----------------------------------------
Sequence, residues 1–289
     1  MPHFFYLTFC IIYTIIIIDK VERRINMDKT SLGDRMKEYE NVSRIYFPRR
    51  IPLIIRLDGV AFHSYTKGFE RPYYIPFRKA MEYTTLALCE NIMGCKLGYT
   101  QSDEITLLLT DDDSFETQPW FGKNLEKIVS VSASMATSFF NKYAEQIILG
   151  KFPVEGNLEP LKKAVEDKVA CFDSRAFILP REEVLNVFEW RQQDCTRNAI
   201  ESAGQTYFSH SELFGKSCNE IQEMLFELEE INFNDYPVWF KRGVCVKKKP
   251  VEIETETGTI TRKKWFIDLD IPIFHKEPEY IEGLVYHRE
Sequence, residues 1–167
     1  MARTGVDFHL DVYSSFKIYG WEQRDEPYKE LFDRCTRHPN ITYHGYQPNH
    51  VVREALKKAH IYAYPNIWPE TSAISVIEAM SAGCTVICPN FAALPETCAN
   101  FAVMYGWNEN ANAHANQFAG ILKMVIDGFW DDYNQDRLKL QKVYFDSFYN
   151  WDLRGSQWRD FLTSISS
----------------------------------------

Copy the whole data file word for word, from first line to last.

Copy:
Sequence, residues 1–289
     1  MPHFFYLTFC IIYTIIIIDK VERRINMDKT SLGDRMKEYE NVSRIYFPRR
    51  IPLIIRLDGV AFHSYTKGFE RPYYIPFRKA MEYTTLALCE NIMGCKLGYT
   101  QSDEITLLLT DDDSFETQPW FGKNLEKIVS VSASMATSFF NKYAEQIILG
   151  KFPVEGNLEP LKKAVEDKVA CFDSRAFILP REEVLNVFEW RQQDCTRNAI
   201  ESAGQTYFSH SELFGKSCNE IQEMLFELEE INFNDYPVWF KRGVCVKKKP
   251  VEIETETGTI TRKKWFIDLD IPIFHKEPEY IEGLVYHRE
Sequence, residues 1–167
     1  MARTGVDFHL DVYSSFKIYG WEQRDEPYKE LFDRCTRHPN ITYHGYQPNH
    51  VVREALKKAH IYAYPNIWPE TSAISVIEAM SAGCTVICPN FAALPETCAN
   101  FAVMYGWNEN ANAHANQFAG ILKMVIDGFW DDYNQDRLKL QKVYFDSFYN
   151  WDLRGSQWRD FLTSISS